In various areas Israel would suffer shortfalls during a flu epidemic, Englman writes. Israel has around 745 beds in intensive care, 5,677 in internal medicine wards and 2,354 in children’s wings, the report said, citing Health Ministry figures for 2017.
These figures may not be as grim currently; since the outbreak of the coronavirus crisis, designated wards have been opened at about 20 hospitals, and hundreds of beds have been added for coronavirus patients.
For example, at Hasharon Hospital in Petah Tikva, which is part of Rabin Medical Center along with Beilinson Hospital, five designated coronavirus wards have been opened with 200 beds, and the intensive care and respiratory units have been expanded.
The overall figures are worrisome in ordinary times, but considering the present situation, they paint a very grave picture. The rough calculations predict a contagion rate of 32 percent of the population, including over 20,000 patients in critical condition and about 8,500 deaths. This is based on a relatively conservative scenario.
Regarding the shortage of public health nurses who would help ensure a high immunization rate, Englman writes that “in eight out of 15 districts we found a gap between the actual number of work slots and the needs, which are calculated based on one nurse per 100 infants.”
Neglecting human capital
In response, the Israeli Association of Public Health Physicians said that the comptroller’s report “exposes a gloomy picture of the routine neglect of public health that harms us in times of emergency as well.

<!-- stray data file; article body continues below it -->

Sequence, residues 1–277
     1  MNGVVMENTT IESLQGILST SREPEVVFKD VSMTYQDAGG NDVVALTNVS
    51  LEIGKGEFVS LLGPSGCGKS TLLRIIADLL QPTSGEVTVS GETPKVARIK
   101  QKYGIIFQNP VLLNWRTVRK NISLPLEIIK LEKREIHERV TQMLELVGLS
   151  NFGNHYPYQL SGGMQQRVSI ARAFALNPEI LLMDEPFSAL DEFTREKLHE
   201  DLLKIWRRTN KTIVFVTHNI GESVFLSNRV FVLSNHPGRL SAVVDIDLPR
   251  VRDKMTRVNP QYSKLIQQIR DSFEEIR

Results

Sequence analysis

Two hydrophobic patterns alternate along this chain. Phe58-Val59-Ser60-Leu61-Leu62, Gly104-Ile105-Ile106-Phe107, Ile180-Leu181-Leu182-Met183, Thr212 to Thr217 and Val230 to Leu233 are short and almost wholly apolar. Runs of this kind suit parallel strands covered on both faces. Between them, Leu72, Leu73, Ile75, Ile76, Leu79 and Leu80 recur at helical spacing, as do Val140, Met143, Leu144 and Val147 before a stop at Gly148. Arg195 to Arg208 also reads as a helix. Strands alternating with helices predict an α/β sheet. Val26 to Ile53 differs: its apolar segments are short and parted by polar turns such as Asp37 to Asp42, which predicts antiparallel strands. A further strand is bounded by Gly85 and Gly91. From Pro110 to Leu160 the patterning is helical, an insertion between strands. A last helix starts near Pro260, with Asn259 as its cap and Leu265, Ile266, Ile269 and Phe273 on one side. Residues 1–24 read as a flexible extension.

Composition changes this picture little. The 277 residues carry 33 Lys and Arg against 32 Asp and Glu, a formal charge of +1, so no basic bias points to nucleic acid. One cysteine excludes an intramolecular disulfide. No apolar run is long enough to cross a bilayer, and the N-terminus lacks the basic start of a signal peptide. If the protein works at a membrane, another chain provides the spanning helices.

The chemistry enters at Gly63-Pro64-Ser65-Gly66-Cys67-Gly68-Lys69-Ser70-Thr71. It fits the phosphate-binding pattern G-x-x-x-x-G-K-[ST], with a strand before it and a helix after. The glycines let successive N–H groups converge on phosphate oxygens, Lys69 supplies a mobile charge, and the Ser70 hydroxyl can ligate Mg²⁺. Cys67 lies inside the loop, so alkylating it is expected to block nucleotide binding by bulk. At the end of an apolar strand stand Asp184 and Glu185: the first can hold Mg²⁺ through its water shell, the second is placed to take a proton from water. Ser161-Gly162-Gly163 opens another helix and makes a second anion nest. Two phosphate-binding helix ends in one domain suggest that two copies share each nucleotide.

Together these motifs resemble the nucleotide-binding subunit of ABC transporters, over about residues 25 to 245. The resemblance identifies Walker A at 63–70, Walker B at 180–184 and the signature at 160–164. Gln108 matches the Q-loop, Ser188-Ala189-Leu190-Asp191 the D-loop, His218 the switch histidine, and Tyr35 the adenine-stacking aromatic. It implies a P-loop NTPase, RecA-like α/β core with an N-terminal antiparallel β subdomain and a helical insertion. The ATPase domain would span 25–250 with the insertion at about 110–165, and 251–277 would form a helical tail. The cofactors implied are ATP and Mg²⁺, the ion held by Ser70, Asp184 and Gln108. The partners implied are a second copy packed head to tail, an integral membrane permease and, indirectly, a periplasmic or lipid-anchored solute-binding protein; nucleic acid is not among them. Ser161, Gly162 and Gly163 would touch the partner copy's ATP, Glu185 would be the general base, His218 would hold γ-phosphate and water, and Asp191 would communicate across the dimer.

“Unfortunately, the writing was on the wall, and despite all our warnings there has been no investment of the resources and staffing needed to protect public health, neither routinely nor in times of emergency. It is incomprehensible that even now, during a global coronavirus epidemic, they continue seek only technological solutions and are severely neglecting the human capital that is the key to protecting public health.”
The Health Ministry added: “We have studied the report and are implementing some of the conclusions during the current crisis. We hope that the report that is being published as we address the coronavirus challenge will be used for study and practical criticism, not to attack us.”
According to the ministry, “Israel was one of the first countries to understand the gravity of the epidemic and, led by the National Security Council and the Health Ministry, drastic steps were taken to close the country’s borders, steps that were taken later in almost all countries around the world. In dealing with the coronavirus, the Health Ministry aims to flatten the curve of patients to prevent high morbidity and a dramatic increase in the number of patients and hospitalizations.
“The medical staffs in the hospitals and in the community are at the forefront of treating the coronavirus, a front that will probably stay active for at least several more months. Israel seems to be one of the countries that most successfully handled the global measles outbreak. This result is attributed to the quality of the service provided by the public health services at the ministry and to the mobilization of the nurses at the Tipat Halav well-baby clinics.”